Goldie – Timeless Review

Released 12th September 1995.

An upfront, bastard child of rave, Jungle had until 1993 remained firmly underground,  it’s shredding bass and ragga fetishism proving highly addictive to a growing number of clubbers in South London but still too raw a mix to earn wider accessibility. It’s main conduits were still pirate radio and an endless stream of dub plates, but just as it began to look like any overground pretensions would be limited to near-novelty tracks like SL2’s On A Ragga Tip, the game changed.

Clifford Price (That’s Goldie to you and me) was one of the primary energies behind it’s metamorphosis and Timeless was his magnum opus, a work that acknowledged the more  cerebral stance of the emerging “Artcore” scene but pulsed with enough jump up firepower still to energise crowds. To a few small-minded artisans it also stood as a betrayal of the movement’s fiercely-held revolutionary founding principles by selling it out in exchange for mass appeal, but the protagonists were mostly Luddite bystanders who had carved their own inescapably constricting niches. Goldie’s pedigree and frontline roots whilst growing up publicly in clubs like Rage guaranteed the respect to face down the accusers.

Taking most of the traditional elements of the Jungle abstract – wall wobbling sub bass and hyperspeed breaks – Goldie as chief architect chimed with co-conspirator Rob Playford to deftly add touches of soul and jazz to a myriad of super complex, snaking beats and disorienting changes of pitch. Timeless was a monstrous hybrid of a new beginning, one which also represented an alternative vision to the superclub banality of the legalised party scene, a promise epically realised from the first moments of the twenty-minute plus opening triptych Inner City Life.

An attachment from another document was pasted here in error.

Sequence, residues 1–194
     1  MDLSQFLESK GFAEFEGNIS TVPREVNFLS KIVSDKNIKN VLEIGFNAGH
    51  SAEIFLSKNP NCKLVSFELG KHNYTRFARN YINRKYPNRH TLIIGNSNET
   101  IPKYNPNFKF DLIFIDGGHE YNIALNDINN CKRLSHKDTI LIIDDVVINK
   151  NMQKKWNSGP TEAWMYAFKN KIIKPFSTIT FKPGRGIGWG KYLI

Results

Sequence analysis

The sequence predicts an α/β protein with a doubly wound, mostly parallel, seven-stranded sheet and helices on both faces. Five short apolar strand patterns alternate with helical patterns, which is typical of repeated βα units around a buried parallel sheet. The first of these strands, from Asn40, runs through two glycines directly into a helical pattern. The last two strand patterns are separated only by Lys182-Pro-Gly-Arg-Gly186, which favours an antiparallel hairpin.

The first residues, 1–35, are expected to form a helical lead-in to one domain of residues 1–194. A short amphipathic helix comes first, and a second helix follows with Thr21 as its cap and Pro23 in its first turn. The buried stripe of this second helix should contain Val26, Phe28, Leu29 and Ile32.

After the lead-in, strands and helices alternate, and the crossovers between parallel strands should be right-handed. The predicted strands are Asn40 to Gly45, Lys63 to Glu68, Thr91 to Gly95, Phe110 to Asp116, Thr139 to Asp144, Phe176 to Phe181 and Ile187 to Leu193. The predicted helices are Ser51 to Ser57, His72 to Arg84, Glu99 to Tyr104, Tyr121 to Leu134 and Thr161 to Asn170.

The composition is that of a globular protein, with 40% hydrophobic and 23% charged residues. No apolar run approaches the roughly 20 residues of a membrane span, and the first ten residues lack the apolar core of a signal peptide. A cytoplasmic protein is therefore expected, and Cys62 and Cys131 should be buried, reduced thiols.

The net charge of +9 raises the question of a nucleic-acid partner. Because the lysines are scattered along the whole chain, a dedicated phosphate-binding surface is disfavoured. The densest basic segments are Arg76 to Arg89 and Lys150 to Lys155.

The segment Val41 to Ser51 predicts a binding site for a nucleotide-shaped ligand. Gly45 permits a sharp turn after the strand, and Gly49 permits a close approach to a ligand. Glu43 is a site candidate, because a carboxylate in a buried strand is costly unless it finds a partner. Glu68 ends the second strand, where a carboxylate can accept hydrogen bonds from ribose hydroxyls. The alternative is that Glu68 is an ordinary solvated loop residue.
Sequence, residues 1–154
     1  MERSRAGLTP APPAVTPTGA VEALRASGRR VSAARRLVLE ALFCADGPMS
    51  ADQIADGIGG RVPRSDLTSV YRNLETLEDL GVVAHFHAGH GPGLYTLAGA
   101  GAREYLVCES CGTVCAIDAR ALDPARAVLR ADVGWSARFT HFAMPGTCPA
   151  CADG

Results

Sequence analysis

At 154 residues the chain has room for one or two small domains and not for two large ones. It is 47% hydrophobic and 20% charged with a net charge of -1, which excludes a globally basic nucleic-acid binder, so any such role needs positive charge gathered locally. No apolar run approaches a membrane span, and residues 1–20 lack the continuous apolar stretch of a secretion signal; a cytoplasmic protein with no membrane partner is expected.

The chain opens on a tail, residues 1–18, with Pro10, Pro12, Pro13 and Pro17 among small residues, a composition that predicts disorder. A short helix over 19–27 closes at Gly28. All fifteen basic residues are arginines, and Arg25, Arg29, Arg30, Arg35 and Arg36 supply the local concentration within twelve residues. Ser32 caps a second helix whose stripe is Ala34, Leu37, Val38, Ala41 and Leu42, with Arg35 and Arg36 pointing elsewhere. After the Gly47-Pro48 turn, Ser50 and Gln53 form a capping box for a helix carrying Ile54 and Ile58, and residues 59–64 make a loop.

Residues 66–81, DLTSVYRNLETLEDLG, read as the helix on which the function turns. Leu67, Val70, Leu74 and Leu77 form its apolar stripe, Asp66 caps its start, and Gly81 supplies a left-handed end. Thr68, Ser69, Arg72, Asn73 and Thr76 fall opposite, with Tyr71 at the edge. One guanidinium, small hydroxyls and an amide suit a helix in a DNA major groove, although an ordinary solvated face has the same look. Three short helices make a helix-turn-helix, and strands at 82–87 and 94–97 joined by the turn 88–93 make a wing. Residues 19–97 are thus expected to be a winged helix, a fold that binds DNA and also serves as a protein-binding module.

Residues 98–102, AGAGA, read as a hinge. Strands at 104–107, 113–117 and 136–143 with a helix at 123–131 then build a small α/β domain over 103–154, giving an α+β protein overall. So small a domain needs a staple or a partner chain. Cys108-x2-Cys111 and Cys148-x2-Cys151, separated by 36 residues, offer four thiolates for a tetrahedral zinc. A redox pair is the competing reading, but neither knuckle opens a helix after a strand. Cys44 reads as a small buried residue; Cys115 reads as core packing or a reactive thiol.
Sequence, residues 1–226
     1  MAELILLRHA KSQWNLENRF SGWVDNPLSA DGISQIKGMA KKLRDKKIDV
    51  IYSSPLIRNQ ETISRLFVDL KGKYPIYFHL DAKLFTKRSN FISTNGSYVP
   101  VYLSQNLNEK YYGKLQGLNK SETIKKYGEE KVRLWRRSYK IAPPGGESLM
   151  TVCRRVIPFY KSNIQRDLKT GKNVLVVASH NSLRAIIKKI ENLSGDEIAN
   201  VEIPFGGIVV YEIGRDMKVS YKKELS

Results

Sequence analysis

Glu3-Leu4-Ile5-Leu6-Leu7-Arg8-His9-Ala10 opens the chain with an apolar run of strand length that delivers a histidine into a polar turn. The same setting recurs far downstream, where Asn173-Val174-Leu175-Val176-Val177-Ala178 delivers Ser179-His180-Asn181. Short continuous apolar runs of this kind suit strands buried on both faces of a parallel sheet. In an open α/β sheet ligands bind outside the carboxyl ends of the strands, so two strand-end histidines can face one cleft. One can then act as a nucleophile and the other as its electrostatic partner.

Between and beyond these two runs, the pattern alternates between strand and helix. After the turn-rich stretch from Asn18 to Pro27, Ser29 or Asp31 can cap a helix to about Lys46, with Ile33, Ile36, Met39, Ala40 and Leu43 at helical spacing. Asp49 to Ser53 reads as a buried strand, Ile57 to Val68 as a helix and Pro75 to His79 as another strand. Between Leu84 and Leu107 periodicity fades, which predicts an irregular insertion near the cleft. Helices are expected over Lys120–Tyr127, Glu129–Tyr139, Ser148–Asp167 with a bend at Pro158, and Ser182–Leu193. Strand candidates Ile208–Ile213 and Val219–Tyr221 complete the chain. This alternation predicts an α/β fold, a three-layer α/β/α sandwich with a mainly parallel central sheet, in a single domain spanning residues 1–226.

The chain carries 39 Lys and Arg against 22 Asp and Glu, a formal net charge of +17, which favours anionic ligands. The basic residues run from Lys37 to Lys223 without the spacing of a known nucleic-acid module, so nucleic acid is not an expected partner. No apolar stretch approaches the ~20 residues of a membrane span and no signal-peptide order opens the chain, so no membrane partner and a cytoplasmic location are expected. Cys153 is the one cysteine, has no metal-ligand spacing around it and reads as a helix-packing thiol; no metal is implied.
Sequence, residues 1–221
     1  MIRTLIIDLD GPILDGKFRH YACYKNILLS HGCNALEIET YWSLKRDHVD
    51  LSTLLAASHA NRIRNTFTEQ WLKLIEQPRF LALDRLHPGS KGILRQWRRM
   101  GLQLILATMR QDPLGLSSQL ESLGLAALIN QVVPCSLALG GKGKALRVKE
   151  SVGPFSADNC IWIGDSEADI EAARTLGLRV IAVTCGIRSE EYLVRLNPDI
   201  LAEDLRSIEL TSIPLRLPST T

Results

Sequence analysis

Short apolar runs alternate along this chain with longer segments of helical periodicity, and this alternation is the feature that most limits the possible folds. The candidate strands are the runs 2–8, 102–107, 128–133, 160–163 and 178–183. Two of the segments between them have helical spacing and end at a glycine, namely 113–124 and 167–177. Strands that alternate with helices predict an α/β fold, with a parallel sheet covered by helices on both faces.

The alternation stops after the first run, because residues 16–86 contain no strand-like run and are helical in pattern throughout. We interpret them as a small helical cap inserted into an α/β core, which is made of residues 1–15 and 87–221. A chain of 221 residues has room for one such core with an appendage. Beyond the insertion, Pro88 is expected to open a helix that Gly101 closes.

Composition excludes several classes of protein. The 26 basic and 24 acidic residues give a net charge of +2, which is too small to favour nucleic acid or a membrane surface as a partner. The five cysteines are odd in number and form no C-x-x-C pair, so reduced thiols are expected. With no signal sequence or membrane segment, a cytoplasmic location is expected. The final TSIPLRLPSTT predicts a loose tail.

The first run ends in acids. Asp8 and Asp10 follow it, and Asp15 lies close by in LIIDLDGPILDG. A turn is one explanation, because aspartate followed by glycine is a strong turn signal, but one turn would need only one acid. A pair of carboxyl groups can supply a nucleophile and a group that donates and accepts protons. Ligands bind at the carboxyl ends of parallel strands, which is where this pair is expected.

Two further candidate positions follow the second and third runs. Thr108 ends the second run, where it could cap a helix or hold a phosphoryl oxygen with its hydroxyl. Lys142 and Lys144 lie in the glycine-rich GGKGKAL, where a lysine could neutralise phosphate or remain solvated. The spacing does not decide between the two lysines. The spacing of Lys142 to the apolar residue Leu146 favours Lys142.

Everywhere was the sound of new: Saint Angel a mind-blowing concoction of off-centre fx, possessed samples and pavement tough cut-ups, State of Mind worked the contrasts, rippling nu-soul, almost balladry after nearly half an hour of the fullest on Joe Public had been in years; What balls. On both Angel and Sensual vocalists D.Charlemagne and Justina Curtis were bewitching, emphasising the fluidity of the ruckus beneath them as the staccato noise pounded and ebbed, a vastly dynamic motion often pushing at the margins but never you sensed even close to being out of control. At the heart of Timeless‘ voracious need for originality was the capricious Sea of Tears, where each new phase felt like different horizon from which the progenitors augmented their trickery, harnessing interspersed spoken word sequences, a sample from a pinball machine and an airy jazz guitar motif.

A growing influence as a movement recognised almost posthumously with Roni Size’s Mercury prize, it’s Timeless nevertheless that remains the bar for drum n’ bass which every subsequent imitator fell at, a record that led the rest of its field by light years on release –  and never looked back.



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